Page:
Friday, 14 October 2011

Here’s my story: Why I became a translator

By the time I turned twenty I had already been to very many funerals. As a teenager I supplemented my pocket money by working as a church organist, mainly for funerals because they fitted in perfectly with school days. However I never considered music for a minute as something that I would want to pursue as a career.

The chapel in the Bad Windsheim cemetery where I worked as an organist

This is because I enjoy quiet activities. I therefore ruled out both music and teaching as career options, which obviously are not quiet activities. Translation, by contrast, is carried out unobserved, in the background. It gives me ample room to think a thought through to the end, and the time for tweaking and polishing the text. Only at the end of it all do I present the final product. This is what appeals to me about translation.

Can you remember your reply to the question of what you wanted to be as an adult? Susan Cain, formerly a Wall Street lawyer, now a negotiations consultant and author of “QUIET: The Power of Introverts in a World That Can’t Stop Talking”, makes the excellent observation that as children we could probably judge much better what type of career would suit us than later in life as adults. Susan’s blog article, which includes more illuminating insights, can be found here. I remember that at primary school I aspired to become an author of children’s books. It is clear that that type of work is close to what has become my bread-earning career. Translation is after all a writing activity.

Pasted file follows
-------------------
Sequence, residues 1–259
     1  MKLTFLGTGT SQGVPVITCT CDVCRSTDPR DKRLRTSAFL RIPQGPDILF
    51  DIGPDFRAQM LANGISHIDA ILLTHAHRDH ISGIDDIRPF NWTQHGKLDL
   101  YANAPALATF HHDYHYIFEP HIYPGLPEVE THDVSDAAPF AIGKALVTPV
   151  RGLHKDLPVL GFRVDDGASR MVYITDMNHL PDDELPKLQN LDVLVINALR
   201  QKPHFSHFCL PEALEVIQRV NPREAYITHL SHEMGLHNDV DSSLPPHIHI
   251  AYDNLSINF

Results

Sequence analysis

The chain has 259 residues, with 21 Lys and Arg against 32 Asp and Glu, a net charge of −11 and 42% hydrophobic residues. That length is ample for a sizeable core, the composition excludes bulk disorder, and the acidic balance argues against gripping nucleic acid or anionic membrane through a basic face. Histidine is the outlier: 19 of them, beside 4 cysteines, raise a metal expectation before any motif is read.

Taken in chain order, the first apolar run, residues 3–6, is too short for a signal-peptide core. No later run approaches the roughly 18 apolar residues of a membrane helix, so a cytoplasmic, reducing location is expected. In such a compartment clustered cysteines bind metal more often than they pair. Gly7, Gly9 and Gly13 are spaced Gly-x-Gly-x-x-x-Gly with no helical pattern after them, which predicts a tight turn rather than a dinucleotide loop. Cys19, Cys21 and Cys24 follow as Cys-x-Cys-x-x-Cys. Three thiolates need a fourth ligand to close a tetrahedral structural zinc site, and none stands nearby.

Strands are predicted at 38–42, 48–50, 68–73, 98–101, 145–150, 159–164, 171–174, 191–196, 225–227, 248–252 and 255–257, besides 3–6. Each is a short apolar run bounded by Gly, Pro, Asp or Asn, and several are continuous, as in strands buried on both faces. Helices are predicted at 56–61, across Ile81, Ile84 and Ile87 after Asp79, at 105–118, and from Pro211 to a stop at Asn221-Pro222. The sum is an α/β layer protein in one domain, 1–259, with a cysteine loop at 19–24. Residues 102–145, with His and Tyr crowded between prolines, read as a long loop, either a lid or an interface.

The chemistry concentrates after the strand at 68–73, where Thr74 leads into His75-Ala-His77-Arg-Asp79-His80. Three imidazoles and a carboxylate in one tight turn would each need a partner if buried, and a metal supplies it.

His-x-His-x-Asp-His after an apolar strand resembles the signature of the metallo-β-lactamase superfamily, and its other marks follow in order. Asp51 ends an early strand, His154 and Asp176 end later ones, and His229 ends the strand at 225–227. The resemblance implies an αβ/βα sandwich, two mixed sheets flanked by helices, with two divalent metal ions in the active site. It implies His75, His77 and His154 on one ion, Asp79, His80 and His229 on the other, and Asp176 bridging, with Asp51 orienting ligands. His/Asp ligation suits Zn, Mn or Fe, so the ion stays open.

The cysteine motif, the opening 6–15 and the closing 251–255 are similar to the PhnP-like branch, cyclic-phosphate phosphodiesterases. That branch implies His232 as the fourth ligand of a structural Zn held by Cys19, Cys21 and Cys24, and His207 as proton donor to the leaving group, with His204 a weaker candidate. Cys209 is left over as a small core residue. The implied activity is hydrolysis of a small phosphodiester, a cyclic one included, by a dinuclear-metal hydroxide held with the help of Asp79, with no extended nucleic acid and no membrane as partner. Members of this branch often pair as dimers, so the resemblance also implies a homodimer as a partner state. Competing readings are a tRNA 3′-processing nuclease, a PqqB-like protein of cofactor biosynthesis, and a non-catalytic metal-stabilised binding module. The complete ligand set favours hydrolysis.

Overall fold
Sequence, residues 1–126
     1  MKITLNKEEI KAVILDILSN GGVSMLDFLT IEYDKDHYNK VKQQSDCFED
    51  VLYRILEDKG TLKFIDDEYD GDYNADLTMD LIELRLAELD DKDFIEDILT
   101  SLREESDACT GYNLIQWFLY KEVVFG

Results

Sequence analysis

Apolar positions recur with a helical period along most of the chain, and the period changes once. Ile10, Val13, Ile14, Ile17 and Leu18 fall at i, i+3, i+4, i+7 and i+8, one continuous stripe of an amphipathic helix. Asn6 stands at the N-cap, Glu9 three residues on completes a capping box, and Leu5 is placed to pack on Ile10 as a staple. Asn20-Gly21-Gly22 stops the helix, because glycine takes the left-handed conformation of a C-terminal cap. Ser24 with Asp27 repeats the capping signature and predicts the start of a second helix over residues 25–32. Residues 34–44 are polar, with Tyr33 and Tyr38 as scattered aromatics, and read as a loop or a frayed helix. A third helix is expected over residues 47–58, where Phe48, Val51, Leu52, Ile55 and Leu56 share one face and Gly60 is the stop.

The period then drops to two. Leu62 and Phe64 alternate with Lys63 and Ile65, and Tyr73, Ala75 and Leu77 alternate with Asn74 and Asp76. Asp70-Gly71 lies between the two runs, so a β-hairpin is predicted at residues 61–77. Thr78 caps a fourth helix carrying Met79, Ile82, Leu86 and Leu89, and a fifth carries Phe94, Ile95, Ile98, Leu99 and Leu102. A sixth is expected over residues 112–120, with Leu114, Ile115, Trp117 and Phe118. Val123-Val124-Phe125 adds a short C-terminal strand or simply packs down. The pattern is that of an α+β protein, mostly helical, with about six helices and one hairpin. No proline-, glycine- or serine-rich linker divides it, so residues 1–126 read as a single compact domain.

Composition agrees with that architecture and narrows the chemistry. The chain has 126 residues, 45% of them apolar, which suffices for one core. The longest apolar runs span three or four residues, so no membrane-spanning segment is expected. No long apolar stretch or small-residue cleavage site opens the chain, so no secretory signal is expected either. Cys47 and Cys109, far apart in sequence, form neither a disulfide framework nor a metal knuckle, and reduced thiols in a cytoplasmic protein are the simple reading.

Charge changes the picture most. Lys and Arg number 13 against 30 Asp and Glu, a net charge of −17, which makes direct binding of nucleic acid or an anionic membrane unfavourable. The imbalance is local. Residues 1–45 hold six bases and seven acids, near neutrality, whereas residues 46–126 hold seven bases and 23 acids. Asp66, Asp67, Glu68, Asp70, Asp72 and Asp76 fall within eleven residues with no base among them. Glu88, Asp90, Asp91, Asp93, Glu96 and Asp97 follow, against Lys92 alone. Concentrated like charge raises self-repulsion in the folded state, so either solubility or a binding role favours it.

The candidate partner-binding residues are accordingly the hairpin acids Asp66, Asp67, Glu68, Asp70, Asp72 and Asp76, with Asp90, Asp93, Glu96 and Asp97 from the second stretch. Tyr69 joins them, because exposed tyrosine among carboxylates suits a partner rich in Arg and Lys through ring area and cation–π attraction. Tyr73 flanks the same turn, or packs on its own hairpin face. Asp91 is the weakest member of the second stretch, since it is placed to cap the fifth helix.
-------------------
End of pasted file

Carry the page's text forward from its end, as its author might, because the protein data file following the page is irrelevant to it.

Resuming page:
I also remember an incident later at grammar schooI which with hindsight shows that the course for my becoming a translator was set. I didn’t mind Maths too much, but I never was overly excited about it − except on one occasion: I asked my Italian pen-friend to send me her calculus exercises so that I could compare the Italian in them side by side with the German in my own calculus homework. It may seem weird to become excited about such a thing, but it is exactly what fascinates linguists.

The idea of working with languages in some way or another had always appealed to me. A huge number of jobs nowadays involves an exposure to foreign languages to a greater or lesser degree. If, however, you are striving for full immersion in a foreign language, there are, strictly speaking, only 3 career options to choose from: teaching, interpreting, and translation.

You might think it’s obvious that because I have two translation degrees I always knew I wanted to be a translator, but it wasn’t as straightforward as that. My two translation degree courses had not taught me much about the practical aspects of working as a translator. After completing my studies, I was not sure whether translation really was for me. I also found it hard to break through the catch-22 situation of “no experience no work”, which naturally affects many newcomers to the profession. What in the end − almost miraculously − helped my business get off the ground was the PSG, the business skills course for translators run by the ITI. I could suddenly see very clearly where I was heading! May I take the opportunity to say another big thank you to my mentors on the PSG 2007 for their advice and tremendous support.